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Leaders aiming for new Cyprus conference in early March (Update 2)


President Nicos Anastasiades and Turkish Cypriot leader Mustafa Akinci are aiming for a new Cyprus conference on security and guarantees in early March, the UN said on Wednesday after the leaders met in Nicosia.

According to a UN statement, the leaders took stock of developments since the Conference on Cyprus was convened in Geneva on January 12 and the subsequent session that was held at the level of deputies in Mont Pèlerin on January 18-19.

“They underscored their strong resolve and determination to maintain the current momentum,” the statement said, adding that the leaders decided on the way forward for the negotiations.

Anastasiades and Akinci have decided on to meet weekly throughout February to address outstanding issues while the negotiators will also continue their regular meetings. The next meeting will be on February 9.

The leaders also requested the United Nations to prepare, in consultation with the guarantor powers, for the continuation of the Conference on Cyprus at a political level in early March.

The January 12 Geneva conference, with the foreign ministers of Greece, Turkey and Britain, ended a day early after Greek Foreign Minister Nicos Kotzias called for a ten-day postponement and announced it publicly without consulting the other parties involved.

In the end a working group was set up for the following week in Mont Pelerin, also in Switzerland, which accomplished its work and reported back to their respective leaderships.

At the time, no new date had been fixed to try again for another political attempt between the two sides and the guarantor powers, and since then negative rhetoric has grown between Athens and Ankara.

The two countries have opposing views on whether Cyprus should have post-solution guarantees but animosity has also grown over the past week over the islet of Imia/Kardak with Athens accusing Ankara of provocations.

UN Special Adviser Espen Barth Eide alluded to this on Tuesday. For the UN and the leaders, Cyprus was the main issue but for Greece and Turkey, there were bigger ones that influence the way they think about the Cyprus issue as well, he said

Speaking on his return to the presidential palace on Wednesday, Anastasiades said the UN statement issued earlier in the day “which is both substantive and informative on the course that we will follow from now on”, had covered the basics and there was no need for him to elaborate further.

Asked by reporters whether he had discussed the latest Turkish stumbling block that the “four freedoms” granted by the EU – freedom of movement of goods, persons, services and capital – should be granted to Turkish nationals post-solution, Anastasiades said: “It was not discussed at all”.

When he was asked to comment about the kinds of negative statements coming out of Ankara of late,

Anastasiades said: “I raised this issue also during yesterday’s meeting (with the UNSG’s Special Adviser) and at today’s meeting”.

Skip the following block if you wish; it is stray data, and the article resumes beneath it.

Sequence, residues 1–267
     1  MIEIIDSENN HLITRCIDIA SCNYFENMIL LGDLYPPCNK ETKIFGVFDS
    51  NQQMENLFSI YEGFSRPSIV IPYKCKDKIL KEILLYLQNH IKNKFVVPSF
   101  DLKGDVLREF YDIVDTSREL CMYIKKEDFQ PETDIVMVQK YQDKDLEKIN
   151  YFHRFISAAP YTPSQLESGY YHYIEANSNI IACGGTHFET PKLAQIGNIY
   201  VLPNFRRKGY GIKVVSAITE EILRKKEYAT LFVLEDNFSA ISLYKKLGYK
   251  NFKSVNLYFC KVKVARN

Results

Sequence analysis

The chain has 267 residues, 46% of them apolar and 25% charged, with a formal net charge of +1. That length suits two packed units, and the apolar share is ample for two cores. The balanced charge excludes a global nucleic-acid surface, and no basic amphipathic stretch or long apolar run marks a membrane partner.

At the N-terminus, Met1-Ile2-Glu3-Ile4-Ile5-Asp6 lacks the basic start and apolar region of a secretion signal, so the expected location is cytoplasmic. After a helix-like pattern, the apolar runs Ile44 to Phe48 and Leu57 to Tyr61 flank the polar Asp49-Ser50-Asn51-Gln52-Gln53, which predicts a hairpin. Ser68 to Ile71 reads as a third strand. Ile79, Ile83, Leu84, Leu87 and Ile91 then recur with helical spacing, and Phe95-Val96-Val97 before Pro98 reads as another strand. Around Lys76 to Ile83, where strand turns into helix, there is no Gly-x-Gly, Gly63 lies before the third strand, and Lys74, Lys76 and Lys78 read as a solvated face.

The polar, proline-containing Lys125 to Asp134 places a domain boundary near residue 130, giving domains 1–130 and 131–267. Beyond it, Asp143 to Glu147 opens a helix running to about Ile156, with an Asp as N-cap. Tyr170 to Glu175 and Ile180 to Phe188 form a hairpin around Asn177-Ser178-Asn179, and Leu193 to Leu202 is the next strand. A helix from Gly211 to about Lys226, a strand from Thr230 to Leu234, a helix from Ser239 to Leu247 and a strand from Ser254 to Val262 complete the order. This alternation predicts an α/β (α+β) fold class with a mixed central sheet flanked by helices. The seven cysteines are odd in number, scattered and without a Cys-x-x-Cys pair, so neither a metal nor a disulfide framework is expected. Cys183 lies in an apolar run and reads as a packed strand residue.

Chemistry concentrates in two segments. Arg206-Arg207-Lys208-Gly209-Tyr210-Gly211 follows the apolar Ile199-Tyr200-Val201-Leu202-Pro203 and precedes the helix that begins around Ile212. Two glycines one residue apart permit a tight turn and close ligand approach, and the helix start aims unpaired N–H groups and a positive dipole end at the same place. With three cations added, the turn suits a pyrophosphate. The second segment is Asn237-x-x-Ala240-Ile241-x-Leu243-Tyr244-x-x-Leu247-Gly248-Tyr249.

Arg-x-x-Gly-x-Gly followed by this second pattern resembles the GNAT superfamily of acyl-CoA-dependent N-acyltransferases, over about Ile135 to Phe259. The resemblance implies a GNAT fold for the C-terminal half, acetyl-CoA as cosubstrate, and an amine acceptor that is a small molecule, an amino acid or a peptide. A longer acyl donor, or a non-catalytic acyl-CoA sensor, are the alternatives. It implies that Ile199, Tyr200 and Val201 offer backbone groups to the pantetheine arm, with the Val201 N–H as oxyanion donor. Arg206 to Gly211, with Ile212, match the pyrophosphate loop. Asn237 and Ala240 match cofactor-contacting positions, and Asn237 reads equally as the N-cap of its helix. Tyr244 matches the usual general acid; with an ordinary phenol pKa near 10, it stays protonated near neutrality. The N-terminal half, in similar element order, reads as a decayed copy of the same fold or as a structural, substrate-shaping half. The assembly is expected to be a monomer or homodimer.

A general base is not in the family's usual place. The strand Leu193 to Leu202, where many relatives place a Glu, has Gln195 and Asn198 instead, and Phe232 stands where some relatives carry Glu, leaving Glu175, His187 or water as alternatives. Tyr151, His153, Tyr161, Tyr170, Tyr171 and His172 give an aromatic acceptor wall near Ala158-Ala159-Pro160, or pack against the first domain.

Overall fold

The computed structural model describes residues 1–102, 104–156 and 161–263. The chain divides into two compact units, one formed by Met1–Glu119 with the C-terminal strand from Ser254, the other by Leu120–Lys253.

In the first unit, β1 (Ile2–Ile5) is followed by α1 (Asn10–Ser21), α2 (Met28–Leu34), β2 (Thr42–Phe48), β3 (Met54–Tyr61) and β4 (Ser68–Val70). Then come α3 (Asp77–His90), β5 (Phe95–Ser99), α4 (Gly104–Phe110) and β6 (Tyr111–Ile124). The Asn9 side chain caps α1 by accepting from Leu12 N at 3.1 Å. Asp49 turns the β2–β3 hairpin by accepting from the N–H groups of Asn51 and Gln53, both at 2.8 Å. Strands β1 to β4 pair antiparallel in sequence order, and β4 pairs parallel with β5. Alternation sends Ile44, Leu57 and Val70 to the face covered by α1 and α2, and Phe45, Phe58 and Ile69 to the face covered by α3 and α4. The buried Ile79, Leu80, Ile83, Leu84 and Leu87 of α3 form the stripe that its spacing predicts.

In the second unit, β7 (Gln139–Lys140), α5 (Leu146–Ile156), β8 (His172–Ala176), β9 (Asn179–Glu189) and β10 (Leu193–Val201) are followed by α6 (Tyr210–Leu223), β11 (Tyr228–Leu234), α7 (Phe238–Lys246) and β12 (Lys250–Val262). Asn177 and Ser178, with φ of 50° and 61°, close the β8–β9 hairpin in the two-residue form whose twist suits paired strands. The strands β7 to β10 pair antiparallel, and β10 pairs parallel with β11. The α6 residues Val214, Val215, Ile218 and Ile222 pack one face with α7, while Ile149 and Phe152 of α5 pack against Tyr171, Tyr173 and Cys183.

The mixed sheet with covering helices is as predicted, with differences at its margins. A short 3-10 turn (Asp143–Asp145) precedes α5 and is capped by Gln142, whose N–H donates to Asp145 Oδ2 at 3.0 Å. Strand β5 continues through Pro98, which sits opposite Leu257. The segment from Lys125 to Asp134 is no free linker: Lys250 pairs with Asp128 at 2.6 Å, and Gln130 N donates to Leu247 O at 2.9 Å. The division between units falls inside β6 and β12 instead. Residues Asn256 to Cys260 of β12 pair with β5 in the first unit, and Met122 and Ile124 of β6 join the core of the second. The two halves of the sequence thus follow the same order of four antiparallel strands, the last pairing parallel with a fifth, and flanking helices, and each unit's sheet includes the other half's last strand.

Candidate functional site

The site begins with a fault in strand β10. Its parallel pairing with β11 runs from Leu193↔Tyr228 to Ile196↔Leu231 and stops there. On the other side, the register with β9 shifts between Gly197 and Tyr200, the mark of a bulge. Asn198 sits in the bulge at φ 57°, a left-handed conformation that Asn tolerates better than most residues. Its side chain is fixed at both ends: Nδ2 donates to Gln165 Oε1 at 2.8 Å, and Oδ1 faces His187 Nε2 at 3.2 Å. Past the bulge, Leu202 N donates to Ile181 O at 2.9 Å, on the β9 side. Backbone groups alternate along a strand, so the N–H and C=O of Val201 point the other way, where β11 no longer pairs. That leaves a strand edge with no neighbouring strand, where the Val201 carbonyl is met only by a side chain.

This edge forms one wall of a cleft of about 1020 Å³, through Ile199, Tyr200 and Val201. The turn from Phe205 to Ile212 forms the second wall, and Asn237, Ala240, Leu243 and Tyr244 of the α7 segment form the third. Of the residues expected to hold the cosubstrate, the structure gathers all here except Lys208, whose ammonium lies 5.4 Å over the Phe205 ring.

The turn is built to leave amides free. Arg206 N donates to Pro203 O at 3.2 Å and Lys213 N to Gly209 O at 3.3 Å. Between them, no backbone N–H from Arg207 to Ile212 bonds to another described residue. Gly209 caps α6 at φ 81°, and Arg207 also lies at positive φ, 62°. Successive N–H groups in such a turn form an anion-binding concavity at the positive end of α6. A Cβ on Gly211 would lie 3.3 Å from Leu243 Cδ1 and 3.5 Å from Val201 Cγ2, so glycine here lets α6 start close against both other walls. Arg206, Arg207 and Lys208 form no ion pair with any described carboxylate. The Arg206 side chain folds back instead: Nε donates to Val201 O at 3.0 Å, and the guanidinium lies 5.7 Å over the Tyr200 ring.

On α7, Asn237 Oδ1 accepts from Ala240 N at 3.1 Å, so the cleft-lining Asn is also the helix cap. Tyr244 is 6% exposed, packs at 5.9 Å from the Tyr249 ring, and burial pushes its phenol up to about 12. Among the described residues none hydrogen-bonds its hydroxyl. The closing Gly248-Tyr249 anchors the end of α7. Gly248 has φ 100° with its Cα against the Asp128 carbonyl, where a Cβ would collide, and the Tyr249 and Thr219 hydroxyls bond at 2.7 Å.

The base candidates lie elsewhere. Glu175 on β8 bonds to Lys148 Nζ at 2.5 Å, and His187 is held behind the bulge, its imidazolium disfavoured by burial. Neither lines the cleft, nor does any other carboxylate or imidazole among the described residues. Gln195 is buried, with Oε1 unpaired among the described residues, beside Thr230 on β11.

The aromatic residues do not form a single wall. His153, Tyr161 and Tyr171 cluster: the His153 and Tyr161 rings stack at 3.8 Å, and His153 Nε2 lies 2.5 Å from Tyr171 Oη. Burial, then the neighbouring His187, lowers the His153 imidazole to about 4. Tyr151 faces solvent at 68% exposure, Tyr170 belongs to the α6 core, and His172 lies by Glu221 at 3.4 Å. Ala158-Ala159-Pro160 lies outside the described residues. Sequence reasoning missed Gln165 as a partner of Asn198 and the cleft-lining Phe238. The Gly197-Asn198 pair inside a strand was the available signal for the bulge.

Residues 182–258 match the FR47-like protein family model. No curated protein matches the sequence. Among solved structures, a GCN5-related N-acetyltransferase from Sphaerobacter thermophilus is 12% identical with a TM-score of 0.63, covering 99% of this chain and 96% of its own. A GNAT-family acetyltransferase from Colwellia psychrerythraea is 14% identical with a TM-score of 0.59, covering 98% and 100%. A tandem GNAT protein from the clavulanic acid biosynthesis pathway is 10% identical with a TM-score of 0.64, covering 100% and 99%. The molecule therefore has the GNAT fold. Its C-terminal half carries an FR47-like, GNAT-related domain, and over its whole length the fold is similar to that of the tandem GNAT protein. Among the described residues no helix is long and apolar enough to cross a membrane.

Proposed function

In any event Anastasiades said “the less said the better” if it would contribute to a positive climate.

“Therefore, any remarks made whether overoptimistic or in the opposite direction do not contribute to what at least the two communities want, to what the leaders of the two communities are pursuing,” he said.

Asked if he was worried by the tension between Greece and Turkey over the last few days, the president said: “It is a negative factor, but I want to hope that the problems will be overcome.”

The four freedoms element has added a new dimension to the talks and given the hardline parties additional fodder to oppose the peace process.

Turkey’s Vice President Tugrul Turkes said a week ago that Ankara wanted its citizens to enjoy the four freedoms in Cyprus after a solution, like Greek nationals. Ruling Disy’s response to this was that unlike Turkish nationals, Greeks were citizens of an EU state and could not be denied the four freedoms. It was nothing to do with Greece being ‘the motherland’.

The more hardline parties took the line that Anastasiades was too soft a negotiator and the more he was compromising in the talks, the more the Turkish side would push for more.

“Tolerance nourishes the promiscuity of the Turks,” the Greens said while the Citizens Alliance said one did not have to be an expert to figure out that within a short time two or three million Turks would either voluntarily, or strategically flood the island and “Greek Cypriots will sadly become a minority”. It was also a way for Turkey to enter the EU through the back door, the party said.

Meanwhile chief Greek Cypriot negotiator Andreas Mavroyiannis was in Brussels on Tuesday to conclude a series of meetings with European Commission President Jean Claude Juncker`s cabinet.
Chief commission spokesman Margaritis Schinas, confirmed that Mavroyiannis was in Brussels for a series of important meetings that included the head of the Juncker cabinet, Martin Selmayer and EC directorate general of legal affairs chief Louis Romero.

Reports in the Greek Cypriot press on Wednesday suggested he was there to discuss the Turkish demand for the four freedoms.






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